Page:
On Easter, preachers behind the pulpit look out on congregations that are larger, better-dressed and more colorful than on any other Sunday in the year. The sanctuary is full, and there are people in the balcony, which stays empty most of the year. They see the faces of the faithful, but also those special-occasion Christians who show up on Christmas and Easter.
There are women in big hats. Little boys dressed in suits. Girls wearing frilly dresses of yellow, lavender and pink. Men sporting neckties instead of their usual golf shirts.
Throughout the sanctuary, there's energy and anticipation. The Easter story of Christ's Resurrection is well-known. What is unknown is what the preacher might say that hasn't been heard before.
"For any pastor, Easter and Christmas are huge pressure," said Joel Hunter, senior pastor of Northland, a Church Distributed in Longwood. "How can I say this in a way that makes it new this year?"
From Bishop John W. Howe of the Orlando Episcopal Diocese, who will preach his 44th Easter sermon today, to Bishop John Noonan, who will preach his first Easter sermon as head of the Orlando Catholic Diocese, the challenge is to fashion something fresh within the framework of the familiar.
"Sometimes the Easter sermon is slower coming because I'm always trying to find something that will give it an edge or hook," said the Rev. Bryan Fulwider, senior minister of First Congregational Church of Winter Park, who will be preaching his 25th Easter sermon.
For the sermon to be fresh and interesting to the congregation, it must first be fresh and interesting to the preacher, which is why Easter sermons — no matter how successful — are seldom recycled.
"Every Easter sermon is the first of its kind and the last of its kind," said Hunter, who will preach his 40th Easter sermon this Sunday.
The inspiration for many Easter sermons springs from the lives and events surrounding the preacher himself and applied to the message of the Resurrection. Noonan wrote his first Easter sermon for St. James Cathedral around the theme of change, which is central to his life as a newly minted bishop in a new city but also central to the Easter story.
Willie C. Barnes, senior pastor of Macedonia Missionary Baptist Church in Eatonville, chose the theme of Christ's tomb because he sees within his own life, and his congregation, the limits, constrictions and confinements that hold people back.
"I like the idea of the tomb because there are a whole lot of things that are cluttering our lives that keep us from being free," said Barnes, who has been preaching Easter sermons for 24 years.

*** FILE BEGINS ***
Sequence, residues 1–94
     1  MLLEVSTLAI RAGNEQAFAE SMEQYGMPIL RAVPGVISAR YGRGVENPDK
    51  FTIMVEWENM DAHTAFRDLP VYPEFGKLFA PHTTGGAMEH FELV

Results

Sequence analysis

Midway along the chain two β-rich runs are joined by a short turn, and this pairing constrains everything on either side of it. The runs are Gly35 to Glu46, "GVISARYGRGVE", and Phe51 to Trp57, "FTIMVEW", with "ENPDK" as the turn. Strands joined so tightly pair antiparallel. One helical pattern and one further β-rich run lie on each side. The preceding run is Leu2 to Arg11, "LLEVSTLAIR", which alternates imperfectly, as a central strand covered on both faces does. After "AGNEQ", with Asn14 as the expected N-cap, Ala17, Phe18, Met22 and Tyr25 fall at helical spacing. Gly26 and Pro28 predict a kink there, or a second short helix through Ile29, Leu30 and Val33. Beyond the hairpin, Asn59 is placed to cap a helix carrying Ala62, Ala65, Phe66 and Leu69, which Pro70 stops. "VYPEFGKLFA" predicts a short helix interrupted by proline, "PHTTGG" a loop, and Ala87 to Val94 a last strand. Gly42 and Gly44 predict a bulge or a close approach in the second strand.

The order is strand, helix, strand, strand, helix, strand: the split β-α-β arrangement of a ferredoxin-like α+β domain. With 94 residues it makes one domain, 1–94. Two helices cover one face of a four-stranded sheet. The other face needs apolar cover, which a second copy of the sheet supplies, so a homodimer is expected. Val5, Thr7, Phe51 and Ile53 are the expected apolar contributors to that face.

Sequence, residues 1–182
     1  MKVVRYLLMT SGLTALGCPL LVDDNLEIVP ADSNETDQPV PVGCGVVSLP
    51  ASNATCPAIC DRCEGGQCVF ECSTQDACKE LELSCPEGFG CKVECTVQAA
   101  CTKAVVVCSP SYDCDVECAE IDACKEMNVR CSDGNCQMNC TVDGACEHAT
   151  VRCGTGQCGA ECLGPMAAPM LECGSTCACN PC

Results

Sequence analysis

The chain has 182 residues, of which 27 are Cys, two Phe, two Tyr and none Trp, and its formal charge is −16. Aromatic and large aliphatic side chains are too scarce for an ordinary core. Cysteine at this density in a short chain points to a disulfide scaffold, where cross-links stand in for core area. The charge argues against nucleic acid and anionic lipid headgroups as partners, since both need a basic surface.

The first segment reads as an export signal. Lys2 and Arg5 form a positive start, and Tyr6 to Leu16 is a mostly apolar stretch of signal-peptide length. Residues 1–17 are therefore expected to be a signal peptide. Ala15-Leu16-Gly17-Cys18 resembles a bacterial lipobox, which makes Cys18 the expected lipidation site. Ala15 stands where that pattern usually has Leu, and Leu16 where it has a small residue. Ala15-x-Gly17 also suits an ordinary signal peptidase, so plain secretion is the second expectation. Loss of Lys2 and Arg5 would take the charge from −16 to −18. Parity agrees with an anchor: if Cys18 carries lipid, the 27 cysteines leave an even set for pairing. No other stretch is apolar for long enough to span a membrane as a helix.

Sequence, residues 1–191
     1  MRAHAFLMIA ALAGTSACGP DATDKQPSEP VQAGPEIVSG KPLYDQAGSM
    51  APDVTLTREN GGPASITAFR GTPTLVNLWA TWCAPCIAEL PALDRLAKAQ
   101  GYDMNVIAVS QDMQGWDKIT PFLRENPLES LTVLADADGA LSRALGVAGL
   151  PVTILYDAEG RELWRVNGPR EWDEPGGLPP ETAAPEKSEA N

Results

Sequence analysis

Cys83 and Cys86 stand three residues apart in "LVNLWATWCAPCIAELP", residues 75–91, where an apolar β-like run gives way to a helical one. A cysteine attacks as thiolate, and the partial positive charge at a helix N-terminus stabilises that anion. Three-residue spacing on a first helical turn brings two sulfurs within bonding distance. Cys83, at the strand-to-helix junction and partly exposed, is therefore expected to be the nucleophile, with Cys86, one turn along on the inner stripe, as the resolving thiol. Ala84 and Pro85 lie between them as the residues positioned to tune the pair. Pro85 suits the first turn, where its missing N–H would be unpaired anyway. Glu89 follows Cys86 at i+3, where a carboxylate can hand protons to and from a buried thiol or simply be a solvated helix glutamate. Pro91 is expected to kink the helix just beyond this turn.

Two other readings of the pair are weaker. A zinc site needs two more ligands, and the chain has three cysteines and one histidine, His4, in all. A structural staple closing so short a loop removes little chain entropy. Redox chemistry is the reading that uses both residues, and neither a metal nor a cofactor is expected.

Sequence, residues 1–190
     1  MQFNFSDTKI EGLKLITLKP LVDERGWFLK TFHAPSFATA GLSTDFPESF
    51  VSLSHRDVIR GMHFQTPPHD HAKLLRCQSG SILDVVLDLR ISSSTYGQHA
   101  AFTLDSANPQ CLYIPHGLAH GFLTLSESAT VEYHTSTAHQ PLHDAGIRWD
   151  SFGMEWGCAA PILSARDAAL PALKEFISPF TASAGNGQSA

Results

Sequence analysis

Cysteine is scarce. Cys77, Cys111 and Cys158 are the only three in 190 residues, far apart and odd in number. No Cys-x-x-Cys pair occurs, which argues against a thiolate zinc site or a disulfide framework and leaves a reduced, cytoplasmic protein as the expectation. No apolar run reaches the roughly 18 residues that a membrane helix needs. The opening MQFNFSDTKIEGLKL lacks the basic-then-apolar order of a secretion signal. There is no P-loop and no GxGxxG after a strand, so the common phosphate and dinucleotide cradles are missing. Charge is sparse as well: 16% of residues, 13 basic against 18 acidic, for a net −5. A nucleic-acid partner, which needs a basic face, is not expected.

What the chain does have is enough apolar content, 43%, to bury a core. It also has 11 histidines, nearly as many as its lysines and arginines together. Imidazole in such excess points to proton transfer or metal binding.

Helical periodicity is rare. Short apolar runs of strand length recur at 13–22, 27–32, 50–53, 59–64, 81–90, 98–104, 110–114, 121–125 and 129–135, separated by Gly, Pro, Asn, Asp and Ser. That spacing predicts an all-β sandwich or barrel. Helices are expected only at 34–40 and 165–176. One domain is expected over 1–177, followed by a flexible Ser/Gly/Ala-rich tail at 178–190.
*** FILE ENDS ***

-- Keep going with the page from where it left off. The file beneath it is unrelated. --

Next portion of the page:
Barnes sketches out his sermon with three primary points he wants to make, but never writes the sermon out. Noonan writes his sermon word-for-word but preaches without notes. Fulwider writes out his sermon but keeps the manuscript in a closed Bible when he preaches. Hunter never writes his sermon out but brings with him a color-coded outline — main points in black, Scripture in blue, illustrations in red — that he keeps in an open Bible.
David Uth, senior pastor of First Baptist Church of Orlando, carries the outline of his Easter sermon in a file folder that he lays on the top of a tall round table on the stage. He started thinking about this year's Easter sermon almost as soon as he finished last year's.
"I think about it all year. It's one of those days that live all year for you," Uth said.
In a folder labeled "Easter 2011," he collected articles, ideas, passages from books, pieces of Scripture, anything he thought might contain the seed of an Easter sermon.
Bill Barnes, lead pastor of St. Luke's United Methodist Church in Orlando, knew months in advance what the theme and Scripture of his Easter sermon would be. About a week before Easter, he started working on the sermon with the understanding that he will be preaching to several different audiences at once.
It's one of the things that makes Easter different: an enlarged congregation that presents the opportunity to reach the devout and the unchurched at the same time.
"You can't throw out big churchy words, but you have to be true to the Gospel message of the Resurrection," said Barnes, who will be giving his 37th Easter sermon today.
On Easter, even the regulars show up a little earlier because if they don't, others might be sitting in their favorite seats, Barnes said. Upsetting the routine of Sunday isn't a bad thing, he said, and it's kind of nice to see some of the familiar faces sitting in different places.
Some ministers speak of addressing the "audience" from a "stage," acknowledging that the sermon is a public performance. There is an interaction between the preacher and the people in the pews, and some will modify the sermon from one service to the next, based on the congregation's reaction.
"If they look like they are wandering, one of us is preoccupied," Fulwider said. "I may try to come back and make it a bit more engaging."
Easter is about Christ rising from the dead, but the sermon must also evoke his Crucifixion — the telling of two stories at once, Howe said. Before the joy of Jesus' Resurrection, there's the realization of his death.
"Easter comes as a burst of unexpected joy after crushing despair," Howe said.
No matter how many Easter sermons a minister preaches, there is always something new and uncertain when stepping before the congregation. It's a little like the first time, over and over again.
"You're always nervous," Noonan said. "You just have to keep reminding yourself, 'I've done this before' — and that it's not about you. It's about the message."
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